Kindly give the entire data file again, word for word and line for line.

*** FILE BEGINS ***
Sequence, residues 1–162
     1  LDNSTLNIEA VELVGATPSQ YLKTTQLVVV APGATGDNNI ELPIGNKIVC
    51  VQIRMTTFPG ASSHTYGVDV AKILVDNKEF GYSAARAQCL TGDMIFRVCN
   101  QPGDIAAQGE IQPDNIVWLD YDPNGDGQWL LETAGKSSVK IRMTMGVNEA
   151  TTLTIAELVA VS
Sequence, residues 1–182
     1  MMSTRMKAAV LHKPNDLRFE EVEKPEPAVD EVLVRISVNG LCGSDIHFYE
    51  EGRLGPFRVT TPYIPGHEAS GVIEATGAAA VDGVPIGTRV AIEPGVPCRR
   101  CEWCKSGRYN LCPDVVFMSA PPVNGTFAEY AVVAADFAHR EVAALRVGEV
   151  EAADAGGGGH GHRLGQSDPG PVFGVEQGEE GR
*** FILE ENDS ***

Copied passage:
Sequence, residues 1–162
     1  LDNSTLNIEA VELVGATPSQ YLKTTQLVVV APGATGDNNI ELPIGNKIVC
    51  VQIRMTTFPG ASSHTYGVDV AKILVDNKEF GYSAARAQCL TGDMIFRVCN
   101  QPGDIAAQGE IQPDNIVWLD YDPNGDGQWL LETAGKSSVK IRMTMGVNEA
   151  TTLTIAELVA VS
Sequence, residues 1–182
     1  MMSTRMKAAV LHKPNDLRFE EVEKPEPAVD EVLVRISVNG LCGSDIHFYE
    51  EGRLGPFRVT TPYIPGHEAS GVIEATGAAA VDGVPIGTRV AIEPGVPCRR
   101  CEWCKSGRYN LCPDVVFMSA PPVNGTFAEY AVVAADFAHR EVAALRVGEV
   151  EAADAGGGGH GHRLGQSDPG PVFGVEQGEE GR